CHASKA, Minn. — On an opening day of international golf competition that had Phil Mickelson conceding he “felt more pressure,” America got off to its quickest Ryder Cup start in 40 years and then staggered home with one its poorest finishes.

After winning all four of the morning foursomes, in which the pros play alternate shots with one ball, the United States team was beaten in three of the four four–ball matches on Friday afternoon, leaving the U.S. holding a 5-3 lead at Hazeltine National in the suburbs of Minneapolis.

For the Americans to win the Cup for the first time in four matches, it needs 14 ½ points when play ends Sunday, while the Euros need only 14, because a tie retains the trophy which they have won in 10 of the previous 12 Ryder Cups.

Mickelson and Rickie Fowler were 4 and 2 winners over Rory McIlroy and Andy Sullivan in the morning. Then, before resting in the afternoon — only eight of the 12 players on each squad are active in team matches — the 46-year-old Mickelson made an interesting admission.

“I certainly felt more pressure heading into today’s matches,” Mickelson conceded. He had been responsible in part for new methods of choosing and coaching the U.S. team.

“Given the buildup over the last couple of years,” he said, “the criticism, the comments, what have you, the pressure was certainly as great or greater than I’ve ever felt. I could have copped out and asked to sit. That would have been a total weak move, and I wanted to get out there. Put me out there. I enjoyed the pressure.”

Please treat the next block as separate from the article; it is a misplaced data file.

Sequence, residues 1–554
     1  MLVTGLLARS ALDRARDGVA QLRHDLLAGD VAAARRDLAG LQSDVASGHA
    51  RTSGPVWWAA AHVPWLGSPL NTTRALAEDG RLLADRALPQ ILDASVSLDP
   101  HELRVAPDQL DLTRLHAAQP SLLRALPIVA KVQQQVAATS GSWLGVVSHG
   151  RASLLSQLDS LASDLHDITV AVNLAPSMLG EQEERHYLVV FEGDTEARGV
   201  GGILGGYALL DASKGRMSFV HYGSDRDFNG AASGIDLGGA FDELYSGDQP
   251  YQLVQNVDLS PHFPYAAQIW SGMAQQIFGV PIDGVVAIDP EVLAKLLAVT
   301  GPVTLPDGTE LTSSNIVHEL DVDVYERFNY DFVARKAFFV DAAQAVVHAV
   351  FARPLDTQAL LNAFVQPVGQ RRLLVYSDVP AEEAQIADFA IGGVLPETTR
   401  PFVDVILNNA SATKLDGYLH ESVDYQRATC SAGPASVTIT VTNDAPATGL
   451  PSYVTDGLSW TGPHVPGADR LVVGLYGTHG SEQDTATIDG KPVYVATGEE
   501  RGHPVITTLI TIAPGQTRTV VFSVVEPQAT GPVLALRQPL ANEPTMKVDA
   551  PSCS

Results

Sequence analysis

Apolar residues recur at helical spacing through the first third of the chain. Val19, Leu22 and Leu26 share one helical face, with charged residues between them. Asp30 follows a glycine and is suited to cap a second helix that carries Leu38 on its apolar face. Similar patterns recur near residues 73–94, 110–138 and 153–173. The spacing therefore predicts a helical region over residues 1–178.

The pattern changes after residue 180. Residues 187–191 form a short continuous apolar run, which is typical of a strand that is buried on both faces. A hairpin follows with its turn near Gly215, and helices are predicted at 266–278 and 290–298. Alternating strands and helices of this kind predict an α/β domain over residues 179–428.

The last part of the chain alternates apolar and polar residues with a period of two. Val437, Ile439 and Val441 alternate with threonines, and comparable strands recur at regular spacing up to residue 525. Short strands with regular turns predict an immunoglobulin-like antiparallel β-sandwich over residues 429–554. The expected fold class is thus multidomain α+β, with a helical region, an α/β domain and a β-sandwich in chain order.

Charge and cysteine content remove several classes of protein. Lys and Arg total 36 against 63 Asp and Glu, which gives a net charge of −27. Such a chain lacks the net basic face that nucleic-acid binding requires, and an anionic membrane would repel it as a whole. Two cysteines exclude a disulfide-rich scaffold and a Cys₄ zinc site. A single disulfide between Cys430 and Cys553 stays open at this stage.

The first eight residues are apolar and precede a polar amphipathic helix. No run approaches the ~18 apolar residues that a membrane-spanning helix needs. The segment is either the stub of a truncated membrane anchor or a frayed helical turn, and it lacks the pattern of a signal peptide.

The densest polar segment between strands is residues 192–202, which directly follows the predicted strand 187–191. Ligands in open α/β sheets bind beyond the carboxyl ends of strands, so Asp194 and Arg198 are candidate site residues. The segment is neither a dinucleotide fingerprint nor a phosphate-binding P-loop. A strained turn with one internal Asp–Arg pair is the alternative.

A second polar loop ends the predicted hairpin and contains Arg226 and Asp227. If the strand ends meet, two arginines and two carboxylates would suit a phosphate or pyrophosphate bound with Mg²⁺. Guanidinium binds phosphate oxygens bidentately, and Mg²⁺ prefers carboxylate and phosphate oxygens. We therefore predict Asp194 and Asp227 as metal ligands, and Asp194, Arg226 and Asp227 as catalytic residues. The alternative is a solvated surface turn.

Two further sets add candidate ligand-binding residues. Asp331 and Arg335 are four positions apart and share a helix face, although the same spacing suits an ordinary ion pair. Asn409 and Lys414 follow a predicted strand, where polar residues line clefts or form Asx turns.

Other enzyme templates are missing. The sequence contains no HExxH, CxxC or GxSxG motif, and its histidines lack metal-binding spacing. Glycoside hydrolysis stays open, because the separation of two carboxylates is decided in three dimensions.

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The partisan fans some wearing red, white and blue striped trousers or draped in American flags enjoyed the morning sweep.

Play began on a cool, foggy morning after a video tribute to Arnold Palmer, who died Sunday and the display Arnie’s golf bag when he was captain of the 1975 U.S. Ryder team. That was followed by music from home town hero Prince, “Let’s Go Crazy,” over the speaker system. Early on that’s what the American team did.

For the first time since the 1975 Cup matches, the U.S. swept the morning, the teams of Jordan Spieth-Patrick Reed, Jimmy Walker-Zach Johnson, Dustin Johnson-Matt Kuchar and Mickelson-Fowler were all successful, the fans chanting and shouting.

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“This afternoon the roles may be reversed,” warned Euro captain Darren Clarke, “and the Europeans will go out and make some putts and get momentum.”

Which is exactly what happened. The Euro team of Justin Rose and Henrik Stenson, respectively the gold and silver medal winners in the recent Rio Olympics, combined for nine birdies in the four-ball competition to whip Spieth and Reed, 5 and 4. Sergio Garcia and Rafael Cabrera Bello beat J.B. Holmes and Ryan Moore 3 and 2. Americans Brandt Snedeker and Brooks Koepka beat Danny Willett and Martin Kaymer 5 and 4.

Rory McIlroy and rookie Thomas Pieters finished off the long, raucous day with a 3-and-2 victory over Dustin Johnson and Matt Kuchar. McIlroy ended it with a 20-foot eagle putt on the 16th hole, and he bowed twice to the crowd.